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When ex-Boston Red Sox manager Terry Francona joined ESPN as an analyst for the 2012 baseball season, it was inevitable that there would be some, let’s say, interesting exchanges when he was inevitably asked to comment on his former team. In the wake of his unceremonious exit following September’s collapse, Francona will be called upon to provide unique insight into what used to be his clubhouse.
So when current Red Sox manager Bobby Valentine banned beer from the clubhouse in (over?) reaction to the Bud-guzzling, chicken-gobbling, weight-gaining gentlemen of the pitching staff, it was only a matter of hours before ESPN solicited Francona’s response.
He didn’t disappoint.
“I think it’s a PR move,” Francona said on ESPN. “I don’t think it’s a surprise that they put this in effect, or the fact they announced it. It’s probably more of a PR move just because, you know, the Red Sox [took] such a beating at the end of the year.”
But is Francona right that this is one big publicity stunt by the Red Sox brass, or is this a legitimate decision as Valentine establishes his managerial presence? And is it even appropriate for Francona to comment from his position?
While I can’t totally blame Valentine for making the decision to establish his authority by laying down new ground rules, I completely agree with Francona’s assertion. Why else does the newly enforced rule have to become a public service announcement? Only if the Red Sox prohibition is supposed to serve as much as an apology for last year’s failure as a preventative measure for this season. Only if the beer ban means as much to the men in the fan base as those on first base.
Besides, is it even effective to institute such a policy? Josh Beckett and Jon Lester and other members of the roster over 21 (even Jose Iglesias is of legal drinking age, so yeah, that’s everybody) will find a way to have a beer if they want one. They’re adults. They shouldn’t need someone to manage them outside the lines as well as between them. And even if you argue that they do, who’s to say they would listen? Rules were made to breed resentment and defiance. And to be broken, obviously.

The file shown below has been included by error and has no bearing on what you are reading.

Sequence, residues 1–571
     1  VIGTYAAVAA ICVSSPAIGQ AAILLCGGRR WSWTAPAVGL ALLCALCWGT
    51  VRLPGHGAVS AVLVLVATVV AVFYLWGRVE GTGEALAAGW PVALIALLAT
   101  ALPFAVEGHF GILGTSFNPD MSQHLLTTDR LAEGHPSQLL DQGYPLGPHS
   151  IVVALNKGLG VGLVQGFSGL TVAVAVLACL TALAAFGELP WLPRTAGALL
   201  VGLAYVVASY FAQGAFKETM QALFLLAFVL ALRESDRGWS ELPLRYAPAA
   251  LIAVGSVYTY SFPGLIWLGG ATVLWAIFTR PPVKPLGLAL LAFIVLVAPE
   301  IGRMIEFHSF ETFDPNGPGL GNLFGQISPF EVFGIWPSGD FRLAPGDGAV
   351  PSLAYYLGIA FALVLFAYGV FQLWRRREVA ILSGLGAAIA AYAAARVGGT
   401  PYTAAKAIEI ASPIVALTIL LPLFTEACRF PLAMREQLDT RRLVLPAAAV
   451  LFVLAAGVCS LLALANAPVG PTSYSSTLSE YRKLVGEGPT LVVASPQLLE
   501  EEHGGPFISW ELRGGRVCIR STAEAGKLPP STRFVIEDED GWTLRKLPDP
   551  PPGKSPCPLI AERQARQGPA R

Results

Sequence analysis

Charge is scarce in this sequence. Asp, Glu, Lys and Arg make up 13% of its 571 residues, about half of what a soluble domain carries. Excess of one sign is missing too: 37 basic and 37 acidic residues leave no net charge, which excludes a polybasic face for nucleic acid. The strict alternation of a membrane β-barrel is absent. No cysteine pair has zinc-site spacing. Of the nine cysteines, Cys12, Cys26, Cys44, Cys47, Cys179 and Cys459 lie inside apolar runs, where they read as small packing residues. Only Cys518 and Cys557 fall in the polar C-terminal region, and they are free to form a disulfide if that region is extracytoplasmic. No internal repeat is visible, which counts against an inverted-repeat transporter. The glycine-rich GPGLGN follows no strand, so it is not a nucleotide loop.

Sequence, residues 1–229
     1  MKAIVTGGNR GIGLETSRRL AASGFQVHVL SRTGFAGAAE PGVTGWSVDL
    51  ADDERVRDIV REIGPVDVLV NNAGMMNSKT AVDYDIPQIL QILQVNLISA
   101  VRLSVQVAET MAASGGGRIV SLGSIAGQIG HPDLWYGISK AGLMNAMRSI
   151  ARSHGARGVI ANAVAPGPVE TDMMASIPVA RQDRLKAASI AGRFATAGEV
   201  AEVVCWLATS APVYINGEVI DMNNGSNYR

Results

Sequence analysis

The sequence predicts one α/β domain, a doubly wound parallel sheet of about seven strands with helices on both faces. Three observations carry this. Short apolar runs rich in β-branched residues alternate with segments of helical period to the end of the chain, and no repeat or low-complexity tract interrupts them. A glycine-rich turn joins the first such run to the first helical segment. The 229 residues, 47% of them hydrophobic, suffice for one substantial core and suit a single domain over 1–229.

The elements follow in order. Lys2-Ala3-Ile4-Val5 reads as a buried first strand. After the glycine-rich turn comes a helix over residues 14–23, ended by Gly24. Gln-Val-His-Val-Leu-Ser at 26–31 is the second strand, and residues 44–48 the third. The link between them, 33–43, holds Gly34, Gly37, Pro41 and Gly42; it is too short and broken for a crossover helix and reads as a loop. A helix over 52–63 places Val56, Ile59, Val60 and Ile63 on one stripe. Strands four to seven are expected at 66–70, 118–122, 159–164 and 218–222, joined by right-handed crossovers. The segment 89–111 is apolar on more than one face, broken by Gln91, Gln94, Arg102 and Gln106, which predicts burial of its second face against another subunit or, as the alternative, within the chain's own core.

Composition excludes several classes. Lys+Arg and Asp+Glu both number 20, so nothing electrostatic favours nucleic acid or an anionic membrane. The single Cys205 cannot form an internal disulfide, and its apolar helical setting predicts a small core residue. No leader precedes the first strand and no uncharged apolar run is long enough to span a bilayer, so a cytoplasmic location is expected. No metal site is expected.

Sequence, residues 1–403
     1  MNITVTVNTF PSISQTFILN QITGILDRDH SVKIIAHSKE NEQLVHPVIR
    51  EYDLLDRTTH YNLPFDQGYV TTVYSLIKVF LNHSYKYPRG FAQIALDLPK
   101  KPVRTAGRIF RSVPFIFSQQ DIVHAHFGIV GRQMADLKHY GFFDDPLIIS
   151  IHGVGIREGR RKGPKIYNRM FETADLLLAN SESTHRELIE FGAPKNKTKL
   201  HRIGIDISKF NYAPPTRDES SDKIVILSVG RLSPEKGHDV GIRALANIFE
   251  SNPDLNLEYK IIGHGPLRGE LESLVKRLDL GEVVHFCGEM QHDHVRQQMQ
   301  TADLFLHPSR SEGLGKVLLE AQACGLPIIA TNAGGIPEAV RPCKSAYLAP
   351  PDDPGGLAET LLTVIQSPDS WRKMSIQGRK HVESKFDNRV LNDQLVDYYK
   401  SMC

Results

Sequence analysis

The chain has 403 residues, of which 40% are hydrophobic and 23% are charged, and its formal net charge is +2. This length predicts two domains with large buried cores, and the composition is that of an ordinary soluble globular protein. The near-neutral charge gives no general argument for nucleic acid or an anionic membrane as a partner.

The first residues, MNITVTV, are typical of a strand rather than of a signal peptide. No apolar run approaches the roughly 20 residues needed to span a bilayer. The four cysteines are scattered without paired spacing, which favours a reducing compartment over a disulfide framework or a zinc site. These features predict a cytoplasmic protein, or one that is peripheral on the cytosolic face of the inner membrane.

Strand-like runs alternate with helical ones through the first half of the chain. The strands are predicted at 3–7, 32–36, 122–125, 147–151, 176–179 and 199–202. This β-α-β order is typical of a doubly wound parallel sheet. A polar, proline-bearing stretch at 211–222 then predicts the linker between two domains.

Maybe it will be different since these are grown men and/or professional athletes, but I can say from experience that I was still familiar with the taste of hard liquor despite a ban on the substance at my college a year ago. As Francona said
“I think if a guy wants a beer, he can probably get one. You know, it’s kind of the old rule … If your coach in football says no hard liquor on the plane — I mean, you serve beer and wine — somebody’s going to sneak liquor on the plane. If you furnish a little bit, it almost keeps it to a minimum.”
If only he could have spoken at my school.
Some people (Bobby Valentine included, I’m sure) would just like for Francona to keep quiet altogether. After all, the former manager weighing in on current affairs can only create negative and distracting storylines. I understand that, but Francona is paid to be a talking head analyzing every headline that hits the news wire. Besides, I want to hear his perspective. I want to know what he would have done coming off such an epic collapse, how he would handle the media maelstrom, how he would diffuse the lingering effects of the blame game. If Valentine and his players can’t manage to overcome one tidbit in the 24-hour news cycle during spring training, then the Red Sox have much bigger problems on their hands, particularly when this team hits its first prolonged losing streak of 2012.
I recognize why Valentine took this somewhat drastic step heading into the season. As the New Guy in (Bean)Town, he doesn’t have that same “implicit trust” that Francona would have after managing some of these players (most of them clubhouse leaders by now) for eight years. With so much media and public scrutiny, it makes sense to address the issue head on and nip this in the bud (no pun intended). Alcohol isn’t much of an accelerant to productivity (unless you’re Babe Ruth or Tommy Heinsohn), and as David Ortiz said, “We’re not here to drink. This ain’t no bar.”
But Francona is still right. Whether it’s to soften the spotlight focused on the failures from last year, an apology to the fan base, or a serious statement to curb the pitchers’ drinking problems, to go so far out of the way to publicly pronounce this corrective measure can only fit under the category of PR.
After all, it’s called “public relations” for a reason.